This means that, in the example above, 1. statements will be executed 10 times, and 2. more statements (which is inside the inner loop) will be executed 10 * 20 = 200 times. When i = 0, then j will go from 0 to 19; when i = 1, j will go from 0 to 19 again; and so on, resulting in every possible combinations of i and j.

Nested for-Loops are very convenient. Say for example you are writing code to do some calculation for every pixel on your screen at resolution 800x600. Then you could write:

for (int i=0; i < 800; i++) {
  for (int j=0; j < 600; j++) {
    // do the calculations

    // here you can use i and j as the (x,y) coordinates of a pixel
    // every pixel will be visited, column by column
  }
}

Or, to modify our grid example above, we can draw a grid of squares.

int cellSize = 20;  // size of our rectangles

// walk across the x-axis
for (int x=0; x < width ; x = x+cellSize) {
  // walk down the y-axis
  for (int y=0; y < height; y = y+cellSize) {
    rect(x, y, cellSize, cellSize);
  }
}

And turn it into a checkerboard.

int cellSize = 25;  // size of our rectangles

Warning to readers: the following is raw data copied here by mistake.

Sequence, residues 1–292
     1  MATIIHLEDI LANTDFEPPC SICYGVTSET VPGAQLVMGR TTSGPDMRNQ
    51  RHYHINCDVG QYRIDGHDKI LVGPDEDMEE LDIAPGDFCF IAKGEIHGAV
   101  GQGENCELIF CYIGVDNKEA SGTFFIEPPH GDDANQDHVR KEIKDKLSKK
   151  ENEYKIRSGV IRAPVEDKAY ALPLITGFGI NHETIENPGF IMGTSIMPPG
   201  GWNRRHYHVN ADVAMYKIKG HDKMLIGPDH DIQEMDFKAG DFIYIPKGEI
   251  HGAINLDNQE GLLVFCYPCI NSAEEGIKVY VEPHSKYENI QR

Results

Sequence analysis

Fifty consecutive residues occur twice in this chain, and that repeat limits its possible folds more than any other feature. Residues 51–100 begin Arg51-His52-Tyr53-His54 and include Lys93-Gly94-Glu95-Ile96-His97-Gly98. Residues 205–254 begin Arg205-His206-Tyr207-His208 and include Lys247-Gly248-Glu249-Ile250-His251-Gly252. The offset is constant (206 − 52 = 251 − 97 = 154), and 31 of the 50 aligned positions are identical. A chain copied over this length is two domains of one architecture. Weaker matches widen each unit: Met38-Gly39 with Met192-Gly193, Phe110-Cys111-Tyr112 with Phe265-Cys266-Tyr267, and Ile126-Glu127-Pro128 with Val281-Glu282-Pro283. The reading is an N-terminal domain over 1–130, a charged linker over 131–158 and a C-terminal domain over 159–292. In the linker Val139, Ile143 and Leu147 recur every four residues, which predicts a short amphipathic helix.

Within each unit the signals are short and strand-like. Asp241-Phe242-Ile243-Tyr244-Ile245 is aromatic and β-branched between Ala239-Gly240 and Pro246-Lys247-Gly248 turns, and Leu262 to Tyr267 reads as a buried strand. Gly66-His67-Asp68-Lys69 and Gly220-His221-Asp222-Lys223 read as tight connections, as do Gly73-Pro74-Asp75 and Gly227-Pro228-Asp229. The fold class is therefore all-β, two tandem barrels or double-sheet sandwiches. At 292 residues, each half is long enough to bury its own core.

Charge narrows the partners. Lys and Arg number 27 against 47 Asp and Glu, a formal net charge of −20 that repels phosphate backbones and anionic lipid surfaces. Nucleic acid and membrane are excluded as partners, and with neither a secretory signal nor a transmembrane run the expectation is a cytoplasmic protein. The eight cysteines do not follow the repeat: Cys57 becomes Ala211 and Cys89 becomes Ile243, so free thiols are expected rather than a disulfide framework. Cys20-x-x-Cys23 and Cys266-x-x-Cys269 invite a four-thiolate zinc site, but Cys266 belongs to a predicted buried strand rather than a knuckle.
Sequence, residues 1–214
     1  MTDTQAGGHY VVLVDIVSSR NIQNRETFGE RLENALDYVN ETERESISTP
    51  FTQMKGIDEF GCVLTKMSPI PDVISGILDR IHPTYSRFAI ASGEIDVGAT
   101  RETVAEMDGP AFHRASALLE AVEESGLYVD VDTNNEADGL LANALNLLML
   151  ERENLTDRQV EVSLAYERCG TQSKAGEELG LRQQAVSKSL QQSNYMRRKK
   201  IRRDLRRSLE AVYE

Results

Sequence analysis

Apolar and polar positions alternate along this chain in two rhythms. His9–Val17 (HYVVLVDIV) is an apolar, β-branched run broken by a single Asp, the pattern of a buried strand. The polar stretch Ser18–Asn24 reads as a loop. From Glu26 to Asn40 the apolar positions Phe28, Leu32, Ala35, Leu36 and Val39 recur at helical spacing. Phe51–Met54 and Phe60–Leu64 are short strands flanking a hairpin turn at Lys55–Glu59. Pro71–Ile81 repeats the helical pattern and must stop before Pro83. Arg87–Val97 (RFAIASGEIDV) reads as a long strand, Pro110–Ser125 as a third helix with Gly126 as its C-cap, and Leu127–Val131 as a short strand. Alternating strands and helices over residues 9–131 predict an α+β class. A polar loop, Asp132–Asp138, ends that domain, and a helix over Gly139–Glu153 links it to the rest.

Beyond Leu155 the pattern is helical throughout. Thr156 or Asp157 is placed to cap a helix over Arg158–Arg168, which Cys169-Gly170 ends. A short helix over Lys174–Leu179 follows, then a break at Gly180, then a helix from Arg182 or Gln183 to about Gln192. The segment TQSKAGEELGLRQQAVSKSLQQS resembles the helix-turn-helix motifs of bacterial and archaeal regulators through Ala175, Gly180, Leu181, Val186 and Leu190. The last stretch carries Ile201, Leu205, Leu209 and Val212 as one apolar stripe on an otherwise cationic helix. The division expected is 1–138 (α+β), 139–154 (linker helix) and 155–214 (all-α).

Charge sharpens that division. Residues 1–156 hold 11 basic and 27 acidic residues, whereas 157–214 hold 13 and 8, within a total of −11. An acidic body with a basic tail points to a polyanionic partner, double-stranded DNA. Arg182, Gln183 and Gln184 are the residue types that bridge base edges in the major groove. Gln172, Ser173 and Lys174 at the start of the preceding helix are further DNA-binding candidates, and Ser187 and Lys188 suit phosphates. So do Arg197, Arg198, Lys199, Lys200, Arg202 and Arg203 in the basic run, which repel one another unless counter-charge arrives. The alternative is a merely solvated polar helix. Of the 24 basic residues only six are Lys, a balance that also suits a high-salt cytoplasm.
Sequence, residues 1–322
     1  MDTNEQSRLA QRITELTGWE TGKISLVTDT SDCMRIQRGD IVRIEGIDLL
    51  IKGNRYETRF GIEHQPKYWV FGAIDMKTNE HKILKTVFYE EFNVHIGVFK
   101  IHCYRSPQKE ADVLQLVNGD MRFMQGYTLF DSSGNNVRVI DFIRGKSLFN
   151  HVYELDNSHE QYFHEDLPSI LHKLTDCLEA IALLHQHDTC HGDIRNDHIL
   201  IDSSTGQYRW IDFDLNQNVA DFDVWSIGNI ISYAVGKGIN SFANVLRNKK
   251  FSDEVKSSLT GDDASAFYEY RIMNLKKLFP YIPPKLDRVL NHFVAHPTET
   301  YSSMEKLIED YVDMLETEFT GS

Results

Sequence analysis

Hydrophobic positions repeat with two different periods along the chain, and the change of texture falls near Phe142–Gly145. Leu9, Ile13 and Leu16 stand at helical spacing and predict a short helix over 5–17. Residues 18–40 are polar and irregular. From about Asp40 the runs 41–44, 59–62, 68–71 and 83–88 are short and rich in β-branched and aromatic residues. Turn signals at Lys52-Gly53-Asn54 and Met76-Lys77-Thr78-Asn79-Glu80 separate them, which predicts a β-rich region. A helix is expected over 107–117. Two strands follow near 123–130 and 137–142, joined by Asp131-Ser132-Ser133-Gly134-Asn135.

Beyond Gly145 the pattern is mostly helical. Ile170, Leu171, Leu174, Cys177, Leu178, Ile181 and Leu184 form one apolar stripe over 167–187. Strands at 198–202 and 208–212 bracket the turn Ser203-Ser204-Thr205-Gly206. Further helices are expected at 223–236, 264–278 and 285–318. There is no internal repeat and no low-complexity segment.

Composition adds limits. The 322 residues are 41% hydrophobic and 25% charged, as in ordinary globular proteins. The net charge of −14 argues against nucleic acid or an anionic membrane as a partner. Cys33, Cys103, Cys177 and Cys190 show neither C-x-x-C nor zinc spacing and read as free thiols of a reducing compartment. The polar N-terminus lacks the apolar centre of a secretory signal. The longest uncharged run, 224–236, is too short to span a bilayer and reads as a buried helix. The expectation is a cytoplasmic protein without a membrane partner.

boolean white = true;  // flag to indicate the fill

// walk across the x-axis
for (int x=0; x < width ; x = x+cellSize) {
  // walk down the y-axis
  for (int y=0; y < height; y = y+cellSize) {
    if (white) {
      fill(255);
    } else {
      fill(0);
    }
    rect(x, y, cellSize, cellSize);

    // toggle the fill flag
    white = !white;
  }
}

You can nest an unlimited number of for-loops, given that your application requires it.

while-loops

While-loops can often perform similar tasks as for-loops, but they are a lot simpler in terms of their structure. A while loop is defined as follows:

while (condition) {
  // statements
}

// out of the loop           

The difference between the for-loop and the while-loop is that the latter can execute an undetermined number of times, as long as the condition you specified is true. So for example, if you wanted to loop until the user presses a key, you would write something like this (in pseudo-code):

boolean waitForKeyPress = true;

while (waitForKeyPress ==  true) {
  // check for keypress
  if (key was pressed) then waitForKeyPress = false;
}     

Note that you can often -but not always- rewrite for-loops as while-loops and vice-versa. For instance, we can rewrite our grid example:

// draw the vertical lines
int x = 0;
while(x < width) {
  line(x, 0, x, height);
  x = x+20;
}

// draw the horizontal lines
int y = 0;
while(y < height) {
  line(0, y, width, y);
  y = y+20;
}

infinite loops

You must be careful when working with loops, especially while-loops, so that you don't build infinite loops . You have to make sure that inside your loop, there is some mechanism that will eventually make the condition you specified become false. Otherwise, you will get stuck in an infinite loop, which will make your application (and even Processing in some cases) freeze.